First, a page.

In this fashion Lindquist’s review continues a discussion of issues that have long occupied a central place within EBR. Consider, for instance, R.M. Berry’s 2004 essay on the fraudulent political rhetoric of the day (“Every time W stands up to make a speech, I think, ‘Where’s a Freudian slip when you really need one?’”) and its insistence that the lexical, not the personal, is the political; or Walter Benn Michaels’s reliance on Wittgenstein in order to analyze the mental derangements (and ethics) of the protagonist in Christopher Nolan’s film Insomnia. Already a decade earlier Steven Kellert questioned the validity of the “bad reputation” that logical positivism had acquired, asking contemporary critics to consider the progressive historical context out of which it emerged: “What no one told me when I studied the Philosophy of Science was that the Logical Positivists and their associates were, as Giere says, ‘overwhelmingly internationalist in outlook; liberal, socialist, or even communist in political orientation; and many were Jews.’ Put these facts in the context of central Europe in the early 1930’s, and we get a very different picture of this movement. Their manifestoes displayed the rhetoric of what we might call progressive or even radical secular humanism. This is all a far cry from the Logical Positivism that established a Philosophical Hegemony in the English-speaking world of the 50’s.” That such a rehabilitation of logical positivism continues to preoccupy contemporary thought may be gathered from recent EBR reviews by Vanwesenbeeck and Shackelford which draw attention, respectively, to the porous nature of the continental-analytical divide; and the resurfacing of that age-old nemesis, the performative, lurking beneath the subprime mortgage schemes of contemporary late capital.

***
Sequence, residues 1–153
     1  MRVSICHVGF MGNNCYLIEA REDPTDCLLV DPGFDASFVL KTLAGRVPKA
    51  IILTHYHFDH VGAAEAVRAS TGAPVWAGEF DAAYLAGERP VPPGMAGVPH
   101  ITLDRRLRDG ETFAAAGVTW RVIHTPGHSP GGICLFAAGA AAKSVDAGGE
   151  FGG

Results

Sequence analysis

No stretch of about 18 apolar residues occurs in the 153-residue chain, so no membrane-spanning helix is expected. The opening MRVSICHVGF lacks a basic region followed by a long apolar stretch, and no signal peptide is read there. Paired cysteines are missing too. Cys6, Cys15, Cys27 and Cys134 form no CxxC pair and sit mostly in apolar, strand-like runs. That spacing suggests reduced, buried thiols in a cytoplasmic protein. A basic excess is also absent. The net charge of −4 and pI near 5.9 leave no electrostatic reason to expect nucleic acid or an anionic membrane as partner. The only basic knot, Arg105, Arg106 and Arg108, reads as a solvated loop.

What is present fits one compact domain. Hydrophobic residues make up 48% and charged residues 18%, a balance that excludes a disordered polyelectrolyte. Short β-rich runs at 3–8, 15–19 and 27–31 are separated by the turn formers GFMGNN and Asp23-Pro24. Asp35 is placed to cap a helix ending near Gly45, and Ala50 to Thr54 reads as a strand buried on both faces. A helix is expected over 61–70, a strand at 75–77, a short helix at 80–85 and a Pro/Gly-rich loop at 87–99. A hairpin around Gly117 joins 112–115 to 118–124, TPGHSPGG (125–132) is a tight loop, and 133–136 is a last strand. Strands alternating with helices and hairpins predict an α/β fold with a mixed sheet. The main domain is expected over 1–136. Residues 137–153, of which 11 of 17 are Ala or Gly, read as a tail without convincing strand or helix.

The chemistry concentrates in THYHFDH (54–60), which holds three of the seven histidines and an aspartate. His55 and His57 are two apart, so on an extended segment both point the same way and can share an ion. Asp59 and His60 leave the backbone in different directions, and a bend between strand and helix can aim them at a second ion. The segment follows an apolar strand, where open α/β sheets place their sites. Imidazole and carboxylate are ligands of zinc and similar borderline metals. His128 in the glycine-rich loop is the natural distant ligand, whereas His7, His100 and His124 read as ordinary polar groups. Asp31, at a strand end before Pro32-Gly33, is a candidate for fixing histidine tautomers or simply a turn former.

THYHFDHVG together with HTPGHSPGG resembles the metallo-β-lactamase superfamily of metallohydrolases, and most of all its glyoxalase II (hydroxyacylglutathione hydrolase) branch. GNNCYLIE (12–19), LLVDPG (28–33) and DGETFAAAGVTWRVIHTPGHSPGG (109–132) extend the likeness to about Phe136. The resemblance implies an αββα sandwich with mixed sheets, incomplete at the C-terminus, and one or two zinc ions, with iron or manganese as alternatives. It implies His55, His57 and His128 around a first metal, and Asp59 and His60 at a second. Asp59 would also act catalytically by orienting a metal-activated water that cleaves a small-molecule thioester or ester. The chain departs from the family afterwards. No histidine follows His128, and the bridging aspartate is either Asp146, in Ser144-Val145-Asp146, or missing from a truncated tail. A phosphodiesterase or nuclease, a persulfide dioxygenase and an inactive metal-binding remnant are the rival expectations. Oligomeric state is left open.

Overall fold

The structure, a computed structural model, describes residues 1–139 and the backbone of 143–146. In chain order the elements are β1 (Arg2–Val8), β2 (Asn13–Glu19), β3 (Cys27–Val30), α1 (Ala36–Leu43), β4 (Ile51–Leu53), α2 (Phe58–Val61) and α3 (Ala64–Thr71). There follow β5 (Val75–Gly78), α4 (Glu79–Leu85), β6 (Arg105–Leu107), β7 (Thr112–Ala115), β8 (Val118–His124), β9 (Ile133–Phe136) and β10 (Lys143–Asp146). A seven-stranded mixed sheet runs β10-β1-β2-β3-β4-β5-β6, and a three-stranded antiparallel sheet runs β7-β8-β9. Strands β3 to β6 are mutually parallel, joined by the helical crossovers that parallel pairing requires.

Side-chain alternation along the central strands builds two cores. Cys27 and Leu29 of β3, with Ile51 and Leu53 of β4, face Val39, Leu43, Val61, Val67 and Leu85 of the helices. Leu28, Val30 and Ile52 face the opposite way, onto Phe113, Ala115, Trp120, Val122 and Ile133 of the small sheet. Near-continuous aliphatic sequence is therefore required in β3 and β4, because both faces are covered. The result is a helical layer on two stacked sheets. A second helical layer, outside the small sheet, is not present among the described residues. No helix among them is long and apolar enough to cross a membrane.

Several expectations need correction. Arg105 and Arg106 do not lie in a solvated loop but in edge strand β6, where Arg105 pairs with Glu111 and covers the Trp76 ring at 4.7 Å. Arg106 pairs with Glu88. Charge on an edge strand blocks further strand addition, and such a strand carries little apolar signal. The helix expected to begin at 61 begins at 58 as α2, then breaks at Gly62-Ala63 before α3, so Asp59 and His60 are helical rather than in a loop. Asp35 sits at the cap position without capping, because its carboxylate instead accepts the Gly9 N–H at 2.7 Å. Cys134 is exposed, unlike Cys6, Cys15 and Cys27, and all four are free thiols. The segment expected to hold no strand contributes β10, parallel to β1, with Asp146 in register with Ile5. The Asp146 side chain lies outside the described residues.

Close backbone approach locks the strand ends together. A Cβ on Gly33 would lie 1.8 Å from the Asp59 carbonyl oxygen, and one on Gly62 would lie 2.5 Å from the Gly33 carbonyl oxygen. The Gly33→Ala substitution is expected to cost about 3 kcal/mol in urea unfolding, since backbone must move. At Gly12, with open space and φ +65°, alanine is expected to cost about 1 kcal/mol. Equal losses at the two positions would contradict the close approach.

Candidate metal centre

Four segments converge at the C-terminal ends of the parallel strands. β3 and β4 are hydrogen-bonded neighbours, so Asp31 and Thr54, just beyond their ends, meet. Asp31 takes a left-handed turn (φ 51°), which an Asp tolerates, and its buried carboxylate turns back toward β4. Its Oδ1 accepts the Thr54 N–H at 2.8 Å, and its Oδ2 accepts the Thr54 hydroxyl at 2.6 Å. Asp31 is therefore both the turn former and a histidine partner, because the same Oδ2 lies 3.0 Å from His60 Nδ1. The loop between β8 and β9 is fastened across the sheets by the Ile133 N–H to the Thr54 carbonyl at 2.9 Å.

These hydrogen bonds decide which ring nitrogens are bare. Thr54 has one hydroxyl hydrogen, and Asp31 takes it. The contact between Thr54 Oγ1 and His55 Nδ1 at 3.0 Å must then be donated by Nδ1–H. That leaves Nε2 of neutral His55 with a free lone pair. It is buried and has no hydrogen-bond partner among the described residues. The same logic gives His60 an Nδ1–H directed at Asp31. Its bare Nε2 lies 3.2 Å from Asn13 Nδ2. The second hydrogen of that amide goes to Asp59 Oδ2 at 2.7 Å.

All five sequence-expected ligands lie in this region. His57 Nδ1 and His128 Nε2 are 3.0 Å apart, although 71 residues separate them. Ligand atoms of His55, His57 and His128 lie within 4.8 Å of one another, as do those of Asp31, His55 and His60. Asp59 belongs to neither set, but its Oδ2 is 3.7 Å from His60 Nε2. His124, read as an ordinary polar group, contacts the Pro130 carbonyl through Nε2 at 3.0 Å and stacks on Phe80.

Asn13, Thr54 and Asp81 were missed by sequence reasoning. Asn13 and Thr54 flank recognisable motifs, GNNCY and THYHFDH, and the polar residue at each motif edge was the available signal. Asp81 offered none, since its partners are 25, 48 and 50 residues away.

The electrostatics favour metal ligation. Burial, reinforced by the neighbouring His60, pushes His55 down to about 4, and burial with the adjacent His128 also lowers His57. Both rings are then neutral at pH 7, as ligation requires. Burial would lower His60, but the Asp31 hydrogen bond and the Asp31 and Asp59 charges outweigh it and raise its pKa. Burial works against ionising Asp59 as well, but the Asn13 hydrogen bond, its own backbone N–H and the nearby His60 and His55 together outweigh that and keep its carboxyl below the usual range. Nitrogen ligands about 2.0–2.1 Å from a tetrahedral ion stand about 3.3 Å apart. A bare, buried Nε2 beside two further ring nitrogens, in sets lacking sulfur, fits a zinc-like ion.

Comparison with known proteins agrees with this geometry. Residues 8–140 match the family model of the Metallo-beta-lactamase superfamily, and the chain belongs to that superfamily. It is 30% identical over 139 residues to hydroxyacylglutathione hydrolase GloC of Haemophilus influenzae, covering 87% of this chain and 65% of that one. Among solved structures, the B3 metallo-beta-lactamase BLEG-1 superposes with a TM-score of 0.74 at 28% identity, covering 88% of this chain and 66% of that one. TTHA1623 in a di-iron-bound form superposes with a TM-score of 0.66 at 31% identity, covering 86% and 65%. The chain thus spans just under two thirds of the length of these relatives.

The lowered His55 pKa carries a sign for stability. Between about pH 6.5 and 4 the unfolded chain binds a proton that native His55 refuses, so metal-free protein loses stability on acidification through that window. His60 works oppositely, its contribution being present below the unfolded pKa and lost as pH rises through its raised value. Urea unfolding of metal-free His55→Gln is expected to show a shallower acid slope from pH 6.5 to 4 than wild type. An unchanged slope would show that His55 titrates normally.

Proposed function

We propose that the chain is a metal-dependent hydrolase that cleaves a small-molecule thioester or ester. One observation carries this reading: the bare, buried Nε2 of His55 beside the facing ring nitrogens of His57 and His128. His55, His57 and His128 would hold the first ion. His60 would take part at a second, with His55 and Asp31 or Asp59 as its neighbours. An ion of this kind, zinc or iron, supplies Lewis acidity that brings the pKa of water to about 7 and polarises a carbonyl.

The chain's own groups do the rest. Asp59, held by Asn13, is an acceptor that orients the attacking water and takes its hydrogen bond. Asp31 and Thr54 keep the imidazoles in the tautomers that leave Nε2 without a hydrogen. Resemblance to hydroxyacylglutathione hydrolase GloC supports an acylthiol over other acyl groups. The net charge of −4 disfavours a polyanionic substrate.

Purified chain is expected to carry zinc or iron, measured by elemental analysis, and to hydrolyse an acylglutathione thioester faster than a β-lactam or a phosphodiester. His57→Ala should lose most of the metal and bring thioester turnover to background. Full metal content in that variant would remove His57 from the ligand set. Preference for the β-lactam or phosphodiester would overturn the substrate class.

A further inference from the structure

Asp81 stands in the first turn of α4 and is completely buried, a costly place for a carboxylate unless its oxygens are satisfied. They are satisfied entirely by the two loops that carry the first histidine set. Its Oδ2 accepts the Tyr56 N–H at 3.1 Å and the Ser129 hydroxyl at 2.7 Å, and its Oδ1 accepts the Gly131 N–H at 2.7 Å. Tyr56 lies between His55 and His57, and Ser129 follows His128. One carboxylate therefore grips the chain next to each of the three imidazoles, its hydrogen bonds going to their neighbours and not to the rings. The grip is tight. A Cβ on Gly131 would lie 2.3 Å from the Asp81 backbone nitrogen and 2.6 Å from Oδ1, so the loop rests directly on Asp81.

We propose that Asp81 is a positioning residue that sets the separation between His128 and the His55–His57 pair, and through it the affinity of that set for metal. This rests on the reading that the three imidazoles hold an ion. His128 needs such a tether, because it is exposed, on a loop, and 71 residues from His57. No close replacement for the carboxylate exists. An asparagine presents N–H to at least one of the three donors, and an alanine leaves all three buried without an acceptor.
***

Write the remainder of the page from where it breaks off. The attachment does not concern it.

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I Read Because it is Absurd


Vanwesenbeeck situates Mark Taylor’s recent Rewiring the Real, within a growing body of critical literature (which also includes John McClure’s Partial Faiths and Amy Hungerford’s Postmodern Belief) that regards religion as key to a robust account of postmodern culture—and for Taylor, in particular, as key to appreciating the novels of William Gaddis, Richard Powers, Mark Danielewski, and Don DeLillo

Never Coming Home: Positivism, Ecology, and Rootless Cosmopolitanism


Steven Kellert on being “in favor of universals.”

The Death of a Beautiful Woman: Christopher Nolan's Idea of Form


In a reading of Christopher Nolan’s films (with and against texts by Poe, Wittgenstein, Searle, and Derrida), Walter Benn Michaels examines the autonomy of the work of art.

Is There a Language Problem?


R.M. Berry on the recuperation of politicized language, in (and through) the fiction of Marianne Hauser and Lidia Yuknavitch.

Reading Topographies of Post-Postmodernism: Review of Post-Postmodernism or, The Cultural Logic of Just-in-Time Capitalism by Jeffrey T. Nealon


In this essay, Laura Shackelford reviews Jeffrey T. Nealon’s “Post-Postmodernism.” Not merely an historical supplement to Fredric Jameson’s “Postmodernism,” but an attempt to devise a new critical method appropriate to our “just-in-time” present, Shacklford discusses its implications for literary practice in the 21st Century.